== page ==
From blind dates to marriage, here are six lessons from the dating scene that will improve your sales results.
I’ve been married to the same man since Noah built the ark, so you’d expect me to be the least qualified person to write about the current dating scene.
The reality is… I feel like a modern-day “Dear Abby.”
Many of my friends and clients are back on the dating circuit for the second, third, even fifth time (!) and I seem to be the chosen confidante for their love-life highs and lows.
As I listen to their various match-making hits and misses my brain intuitively makes comparisons to the selling process. The parallels are noteworthy.
Here are six lessons from the dating scene that will improve your sales results.
Lesson 1: They’re not all marriage material.
A good friend is back on the dating scene for the first time in 16 years. The kids are grown up, she’s afraid of being alone, and she’s looking for the perfect guy.
Trouble is, every time she heads out to a first date she expects this one to be Mr. Right.
One of two things happens. Either she’s crushed when it doesn’t work out, or she invests way too much time with Mr. Wrong.
See the parallel to selling? If we are expecting to “marry” every sales opportunity we uncover we may be heading for disappointment.
Take the time to understand any lead/opportunity. Use your initial call to discover if you are a match and whether it’s a good investment of your time to take things to the next level.
Will it lead to a happy and productive long-term relationship, or are you better served to move on?
Lesson 2: There are two people in this relationship.
You’ve gotta love Jane. She’s turbo-charged when it comes to dating. If she meets a man she likes, she pursues him shamelessly.
Her credo: “Why waste time playing it cool when I see something I like?”
Hourly text messages, raunchy voice-mails and definitive “together plan” for every night of the week are all integral to her initial dating strategy.
There’s just one problem.
The guys on whom she showers all this attention become less and less responsive, then quietly disappear.
When sellers move at “warp speed” because they perceive a need, or see a hot opportunity, they sometimes neglect to notice that the client is at a different stage of the “buy cycle” and is looking to move at a more relaxed pace.
It’s all about perspective.
So if you want to attract and hang on to great prospects, you need to align yourself with where they are in their buying process.
Lesson 3: Don’t be a bad date!
Nothing sucks the life out of you more than being with a date that has a bad case of “all about me” syndrome. You know what I mean.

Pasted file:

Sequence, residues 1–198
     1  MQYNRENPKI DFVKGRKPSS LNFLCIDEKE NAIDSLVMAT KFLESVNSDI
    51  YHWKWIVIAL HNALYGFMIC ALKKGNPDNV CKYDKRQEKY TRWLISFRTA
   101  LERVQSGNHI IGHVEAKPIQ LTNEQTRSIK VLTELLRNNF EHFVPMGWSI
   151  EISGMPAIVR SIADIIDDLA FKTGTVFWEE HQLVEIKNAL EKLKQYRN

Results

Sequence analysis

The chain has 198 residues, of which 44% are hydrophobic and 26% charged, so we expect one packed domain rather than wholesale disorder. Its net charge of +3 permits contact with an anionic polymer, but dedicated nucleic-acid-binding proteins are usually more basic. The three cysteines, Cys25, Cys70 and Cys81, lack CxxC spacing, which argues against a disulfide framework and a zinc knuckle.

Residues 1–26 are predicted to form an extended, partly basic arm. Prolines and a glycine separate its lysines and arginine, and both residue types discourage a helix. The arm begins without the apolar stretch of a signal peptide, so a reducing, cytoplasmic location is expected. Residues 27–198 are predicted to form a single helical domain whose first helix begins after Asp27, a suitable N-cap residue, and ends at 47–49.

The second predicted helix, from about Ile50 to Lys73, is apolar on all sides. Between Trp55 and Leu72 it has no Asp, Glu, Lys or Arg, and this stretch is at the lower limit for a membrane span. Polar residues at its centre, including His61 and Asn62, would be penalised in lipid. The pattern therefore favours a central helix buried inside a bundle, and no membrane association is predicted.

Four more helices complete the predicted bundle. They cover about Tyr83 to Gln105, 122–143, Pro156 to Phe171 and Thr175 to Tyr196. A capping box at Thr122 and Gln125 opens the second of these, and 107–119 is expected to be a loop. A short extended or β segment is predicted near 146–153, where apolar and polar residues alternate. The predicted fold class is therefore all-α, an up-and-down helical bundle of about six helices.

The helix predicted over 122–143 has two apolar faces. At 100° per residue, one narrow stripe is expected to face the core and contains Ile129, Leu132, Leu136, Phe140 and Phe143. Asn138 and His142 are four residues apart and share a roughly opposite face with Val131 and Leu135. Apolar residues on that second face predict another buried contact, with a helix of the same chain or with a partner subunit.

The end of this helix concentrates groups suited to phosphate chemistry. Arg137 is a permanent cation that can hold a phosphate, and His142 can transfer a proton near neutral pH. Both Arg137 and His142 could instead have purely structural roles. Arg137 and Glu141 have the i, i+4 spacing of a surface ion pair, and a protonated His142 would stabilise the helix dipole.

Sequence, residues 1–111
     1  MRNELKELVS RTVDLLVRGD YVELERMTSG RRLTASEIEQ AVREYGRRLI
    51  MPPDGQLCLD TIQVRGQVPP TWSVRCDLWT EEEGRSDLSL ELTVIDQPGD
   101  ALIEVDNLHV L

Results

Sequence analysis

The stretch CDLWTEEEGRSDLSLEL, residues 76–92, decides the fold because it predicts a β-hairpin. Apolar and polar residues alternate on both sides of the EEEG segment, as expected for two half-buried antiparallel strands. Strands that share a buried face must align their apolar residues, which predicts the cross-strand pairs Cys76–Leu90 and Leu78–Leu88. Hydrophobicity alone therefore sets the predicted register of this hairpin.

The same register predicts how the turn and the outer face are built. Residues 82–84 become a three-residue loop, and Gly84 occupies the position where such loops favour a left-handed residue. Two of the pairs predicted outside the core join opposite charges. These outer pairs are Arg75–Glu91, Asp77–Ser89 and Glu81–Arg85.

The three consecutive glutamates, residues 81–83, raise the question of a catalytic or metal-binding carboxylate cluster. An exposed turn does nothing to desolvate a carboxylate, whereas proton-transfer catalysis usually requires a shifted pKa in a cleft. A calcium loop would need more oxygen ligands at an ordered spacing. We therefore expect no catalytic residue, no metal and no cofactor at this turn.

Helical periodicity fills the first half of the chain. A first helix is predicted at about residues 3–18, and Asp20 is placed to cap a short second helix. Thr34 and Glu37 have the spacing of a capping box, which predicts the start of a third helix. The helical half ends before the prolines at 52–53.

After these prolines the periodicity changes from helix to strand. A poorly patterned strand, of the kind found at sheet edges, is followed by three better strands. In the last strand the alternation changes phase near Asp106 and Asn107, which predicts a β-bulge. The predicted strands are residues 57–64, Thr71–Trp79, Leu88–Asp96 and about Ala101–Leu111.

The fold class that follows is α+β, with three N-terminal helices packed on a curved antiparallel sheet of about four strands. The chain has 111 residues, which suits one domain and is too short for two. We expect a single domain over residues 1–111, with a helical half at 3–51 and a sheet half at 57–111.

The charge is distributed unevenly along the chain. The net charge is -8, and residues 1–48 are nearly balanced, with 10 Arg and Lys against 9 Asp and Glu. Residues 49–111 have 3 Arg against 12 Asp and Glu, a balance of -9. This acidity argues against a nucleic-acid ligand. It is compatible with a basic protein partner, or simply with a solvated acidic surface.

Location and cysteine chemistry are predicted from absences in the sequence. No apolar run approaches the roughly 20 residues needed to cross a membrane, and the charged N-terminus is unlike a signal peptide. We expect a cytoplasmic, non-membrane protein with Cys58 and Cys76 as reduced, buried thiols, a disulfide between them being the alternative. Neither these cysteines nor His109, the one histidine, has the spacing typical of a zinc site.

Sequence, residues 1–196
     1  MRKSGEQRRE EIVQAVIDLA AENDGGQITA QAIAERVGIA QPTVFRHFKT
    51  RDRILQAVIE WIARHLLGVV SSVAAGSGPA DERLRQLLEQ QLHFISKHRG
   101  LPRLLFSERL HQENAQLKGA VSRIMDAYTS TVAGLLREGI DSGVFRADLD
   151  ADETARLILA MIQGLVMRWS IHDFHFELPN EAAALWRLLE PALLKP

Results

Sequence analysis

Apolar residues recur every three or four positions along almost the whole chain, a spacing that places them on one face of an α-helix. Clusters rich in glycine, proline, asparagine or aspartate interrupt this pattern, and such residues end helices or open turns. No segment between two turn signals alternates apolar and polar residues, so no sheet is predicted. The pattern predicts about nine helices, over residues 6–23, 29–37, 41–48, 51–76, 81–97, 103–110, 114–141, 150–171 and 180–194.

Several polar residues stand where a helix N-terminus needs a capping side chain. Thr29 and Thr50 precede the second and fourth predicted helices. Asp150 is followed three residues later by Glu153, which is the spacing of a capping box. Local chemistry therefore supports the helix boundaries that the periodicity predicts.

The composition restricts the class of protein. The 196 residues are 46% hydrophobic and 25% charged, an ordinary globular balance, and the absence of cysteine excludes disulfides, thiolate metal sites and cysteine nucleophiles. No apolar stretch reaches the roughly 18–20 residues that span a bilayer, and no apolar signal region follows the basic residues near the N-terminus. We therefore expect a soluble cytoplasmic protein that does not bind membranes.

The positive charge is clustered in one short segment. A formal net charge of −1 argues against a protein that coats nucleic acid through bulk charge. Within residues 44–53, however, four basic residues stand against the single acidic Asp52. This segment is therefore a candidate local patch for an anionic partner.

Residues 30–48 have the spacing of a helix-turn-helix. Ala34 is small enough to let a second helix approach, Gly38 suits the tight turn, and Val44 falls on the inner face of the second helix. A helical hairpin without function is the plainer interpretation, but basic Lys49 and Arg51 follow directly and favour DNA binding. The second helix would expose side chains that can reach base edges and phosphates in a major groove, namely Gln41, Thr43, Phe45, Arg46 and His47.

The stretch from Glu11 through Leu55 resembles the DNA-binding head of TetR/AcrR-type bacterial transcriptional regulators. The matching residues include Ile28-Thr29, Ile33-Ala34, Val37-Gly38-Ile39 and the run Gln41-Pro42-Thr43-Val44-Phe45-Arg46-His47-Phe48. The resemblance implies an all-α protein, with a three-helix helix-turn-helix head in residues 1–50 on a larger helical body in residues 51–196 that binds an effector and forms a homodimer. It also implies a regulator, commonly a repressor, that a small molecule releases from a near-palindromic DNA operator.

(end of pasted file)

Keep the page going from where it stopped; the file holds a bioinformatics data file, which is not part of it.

He drones on an entire evening about his work, his car, his problems, and his interests.
It doesn’t matter how fascinating someone is, you eventually tune out when the dialogue becomes a marathon monologue.
On the flip side, we are attracted to “great dates” who demonstrate a genuine interest in who we are, and who focus on what’s most important to us.
These conversations lead to love. And lead to everlasting love if we continue them throughout the lifespan of the relationship.
So if you want to stand apart from others and attract great customers, avoid the trap of delivering the traditional “features and benefits dump.” Don’t be a bore. Be a great date!
Lesson 4: Blind dates are risky.
I vividly remember a blind date I agreed to when I was 18 years old. I assumed because a friend had referred Clive, that he’d be a match made in heaven.
Within 20 minutes of meeting him, he proudly dropped his two front teeth out of his mouth to demonstrate the danger of high-speed motorcycle racing.
This was the highlight of the date. Clive was wrong for me in so many ways.
Not every referral is a good one. Do your homework before agreeing to a meeting.
Or have a well-prepared phone conversation before investing in face time.
Most importantly, make sure you provide a clear profile of your target customers when asking for referrals so you don’t get connected to a “Clive.”
Remember every mismatched blind date takes time away from a potentially hot one.
Lesson 5: Try out the new technologies.
I know people who are staunch advocates of online dating. Others won’t consider it. The concept intrigues me and, if I were single, I’d definitely sign on. But first I’d take these three important steps:
Do my homework to see which technologies meet my criteria and specific needs.
Talk to power-users of the technology to learn how to get the best outcomes.
Look for technologies that have proven results.
LinkedIn, Facebook, Twitter, Skype are now everyday words in our sales vocabulary. And, every week, news of the latest sales technology hits our inbox.
Technology can accelerate, and focus, your networking, lead generation and prospect qualification activities – which ultimately enables you to have more face time with customers.
Are all technologies right for you? Not necessarily. But you won’t know until you explore them.
So keep an open mind and follow my three steps for online dating to decide which will provide you the optimal sales results.
Lesson 6: Know when it’s over.
One of my best buddies dated a slimeball (and I’m being kind) for over two years. The rest of us inwardly rolled our eyes and prayed for the end.
She was afraid of being alone or not finding anyone better. She didn’t realize that sticking with this guy guaranteed this.
Do you have a client relationship that has run its course and is no longer productive? Or, perhaps it never was productive.
Maybe it’s time to cut them loose so that you can focus on pursuing a more profitable and mutually satisfying business relationship.
Gutsy sales organizations have “fired” clients that represent bad business, and they have no regrets because they gain more time to focus on better deals.
About the author
For over twenty years, Jill Harrington was a globally respected sales leader and executive…